Parliaments and ICT – going on from here

I’ve had an opportunity to – properly – go through the World e-Parliament Report, produced by the Global Centre for ICT in Parliament.

As I knew it would be, it is an excellent piece of work. I think that the particular value lies in the fact that it looks at a range of possible applications of ICT and covers as many Parliaments as possible.

For me, the recommendations were also an important inclusion. Everyone knows the state of play and where the problems lie, but very few know how to make decisive steps toward addressing these challenges. The Report’s recommendations are clear and achievable and it will be interesting to watch Parliaments try to enact them.

And this tracking, I think, is crucial. Which Parliaments take up the challenge? Which make the best efforts with the limited resources at their disposal? Which are innovative? Which are conservative and static? Which are lazy and isolationist? I think it would be worth taking this tracking on another level and actually setting up some awards to be given out at the Centre’s annual Conference.

I would also like to suggest:

1. A partnership or mentoring scheme whereby a high-achieving parliament is paired with a low-achieving parliament. The relationship would be mutually beneficial, with the low-achiever getting advice and being able to do some leapfrogging, and the high-achiever having the opportunity to stand back, look at itself and have a better idea of where it should go from that point onward.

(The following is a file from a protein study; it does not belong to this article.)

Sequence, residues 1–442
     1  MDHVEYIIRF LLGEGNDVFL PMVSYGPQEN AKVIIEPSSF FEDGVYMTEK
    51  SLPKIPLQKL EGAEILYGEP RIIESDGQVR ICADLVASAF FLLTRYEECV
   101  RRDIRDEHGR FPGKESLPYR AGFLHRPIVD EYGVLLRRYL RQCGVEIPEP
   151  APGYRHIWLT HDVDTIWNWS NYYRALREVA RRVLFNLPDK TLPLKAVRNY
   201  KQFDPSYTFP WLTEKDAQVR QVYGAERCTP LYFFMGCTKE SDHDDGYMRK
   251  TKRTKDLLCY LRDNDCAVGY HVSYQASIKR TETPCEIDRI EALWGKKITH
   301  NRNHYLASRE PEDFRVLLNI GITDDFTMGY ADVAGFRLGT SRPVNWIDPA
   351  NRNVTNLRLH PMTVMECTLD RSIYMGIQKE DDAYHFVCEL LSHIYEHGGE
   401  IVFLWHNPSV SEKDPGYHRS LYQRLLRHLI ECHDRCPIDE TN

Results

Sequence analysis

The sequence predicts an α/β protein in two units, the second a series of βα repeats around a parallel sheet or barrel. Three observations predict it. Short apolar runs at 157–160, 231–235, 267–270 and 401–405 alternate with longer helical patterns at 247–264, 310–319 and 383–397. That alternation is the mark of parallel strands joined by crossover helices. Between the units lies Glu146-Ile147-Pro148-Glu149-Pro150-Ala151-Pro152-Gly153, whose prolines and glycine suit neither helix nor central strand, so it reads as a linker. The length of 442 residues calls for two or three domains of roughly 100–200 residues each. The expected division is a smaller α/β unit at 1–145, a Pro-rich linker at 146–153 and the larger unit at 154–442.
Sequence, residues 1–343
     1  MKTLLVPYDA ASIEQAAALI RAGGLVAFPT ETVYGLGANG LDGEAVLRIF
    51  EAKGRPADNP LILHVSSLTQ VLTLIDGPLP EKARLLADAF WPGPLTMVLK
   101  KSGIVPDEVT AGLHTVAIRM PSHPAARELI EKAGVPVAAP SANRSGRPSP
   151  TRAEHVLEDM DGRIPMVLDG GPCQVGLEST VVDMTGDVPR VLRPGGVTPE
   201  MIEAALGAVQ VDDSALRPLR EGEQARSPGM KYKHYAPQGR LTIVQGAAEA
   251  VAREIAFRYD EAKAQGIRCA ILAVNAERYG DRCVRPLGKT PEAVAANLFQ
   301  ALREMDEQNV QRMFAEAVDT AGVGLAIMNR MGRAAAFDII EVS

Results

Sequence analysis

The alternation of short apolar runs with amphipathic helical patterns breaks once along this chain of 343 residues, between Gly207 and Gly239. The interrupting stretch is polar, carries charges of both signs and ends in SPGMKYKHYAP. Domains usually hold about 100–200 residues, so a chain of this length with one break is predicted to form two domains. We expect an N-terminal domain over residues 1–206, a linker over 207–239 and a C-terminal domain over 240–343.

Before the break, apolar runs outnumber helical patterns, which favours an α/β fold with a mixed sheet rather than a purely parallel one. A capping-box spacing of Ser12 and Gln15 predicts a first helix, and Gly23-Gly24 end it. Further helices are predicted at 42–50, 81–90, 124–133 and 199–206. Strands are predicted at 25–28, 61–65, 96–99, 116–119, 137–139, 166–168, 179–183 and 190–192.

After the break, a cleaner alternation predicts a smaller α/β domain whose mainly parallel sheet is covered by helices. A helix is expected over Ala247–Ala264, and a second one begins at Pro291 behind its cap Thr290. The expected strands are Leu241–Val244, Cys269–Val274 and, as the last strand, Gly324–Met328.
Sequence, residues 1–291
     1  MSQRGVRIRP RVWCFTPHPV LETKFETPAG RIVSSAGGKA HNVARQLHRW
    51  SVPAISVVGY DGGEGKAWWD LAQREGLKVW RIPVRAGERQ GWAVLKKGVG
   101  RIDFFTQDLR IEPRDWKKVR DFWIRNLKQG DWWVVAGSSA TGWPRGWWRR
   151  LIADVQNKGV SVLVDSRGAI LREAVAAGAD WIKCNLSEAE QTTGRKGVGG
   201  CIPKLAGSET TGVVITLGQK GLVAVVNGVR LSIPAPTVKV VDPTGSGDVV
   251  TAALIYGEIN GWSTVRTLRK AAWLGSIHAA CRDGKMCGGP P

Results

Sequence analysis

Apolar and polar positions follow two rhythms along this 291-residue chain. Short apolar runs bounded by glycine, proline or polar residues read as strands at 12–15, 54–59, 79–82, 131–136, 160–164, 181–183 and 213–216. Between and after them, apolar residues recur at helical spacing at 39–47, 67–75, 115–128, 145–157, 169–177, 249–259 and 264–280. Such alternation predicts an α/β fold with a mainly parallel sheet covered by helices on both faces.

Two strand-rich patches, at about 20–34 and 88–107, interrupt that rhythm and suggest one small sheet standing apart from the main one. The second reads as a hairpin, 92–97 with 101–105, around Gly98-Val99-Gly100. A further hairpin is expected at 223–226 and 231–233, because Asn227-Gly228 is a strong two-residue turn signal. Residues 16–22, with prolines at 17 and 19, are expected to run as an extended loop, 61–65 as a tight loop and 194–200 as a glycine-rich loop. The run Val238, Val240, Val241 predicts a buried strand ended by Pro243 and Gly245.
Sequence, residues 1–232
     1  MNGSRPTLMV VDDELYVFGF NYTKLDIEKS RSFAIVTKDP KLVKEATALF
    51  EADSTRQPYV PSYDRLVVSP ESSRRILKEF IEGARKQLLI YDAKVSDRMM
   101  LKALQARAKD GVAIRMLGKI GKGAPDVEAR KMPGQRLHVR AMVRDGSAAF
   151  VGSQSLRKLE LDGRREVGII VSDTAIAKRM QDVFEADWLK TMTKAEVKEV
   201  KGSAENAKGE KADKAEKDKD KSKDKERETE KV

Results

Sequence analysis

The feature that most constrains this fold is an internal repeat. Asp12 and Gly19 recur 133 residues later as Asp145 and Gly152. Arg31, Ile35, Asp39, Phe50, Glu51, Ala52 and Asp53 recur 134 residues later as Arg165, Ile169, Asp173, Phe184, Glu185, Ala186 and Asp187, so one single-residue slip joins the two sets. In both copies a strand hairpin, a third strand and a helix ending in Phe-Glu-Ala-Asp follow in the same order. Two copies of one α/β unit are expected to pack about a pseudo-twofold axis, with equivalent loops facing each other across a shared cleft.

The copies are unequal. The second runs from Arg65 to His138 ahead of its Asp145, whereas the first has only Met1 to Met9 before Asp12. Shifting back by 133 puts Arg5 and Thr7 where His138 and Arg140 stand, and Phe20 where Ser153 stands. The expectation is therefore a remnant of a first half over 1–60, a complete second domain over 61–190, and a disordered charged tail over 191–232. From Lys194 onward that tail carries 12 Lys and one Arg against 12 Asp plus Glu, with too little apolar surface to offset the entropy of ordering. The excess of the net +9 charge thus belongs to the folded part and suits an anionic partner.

2. From here – working toward the next report – I would like to see a specific set of recommendations on using ICT to facilitate citizen and stakeholder engagement. Engagement is absolutely crucial – as the Report acknowledges – and is all the more desirable and feasible in our current low-efficacy and high-technology climates. But the Report does not provide specific recommendations on improving engagement, and I feel this lets Parliaments and politicians off too lightly.

3. Lastly, another set of recommendations and level of support that I think are lacking are those on technical specifics. The Report deals with technology broadly, which is understandable because you could fill out another report of the same length with stuff on XML standards, secure data storage and basic ICT provision for committees. But based on my experience of working the Global Centre’s stakeholders, it is this sort of specific direction that many of them would thank the Centre for providing.

    What do you think?

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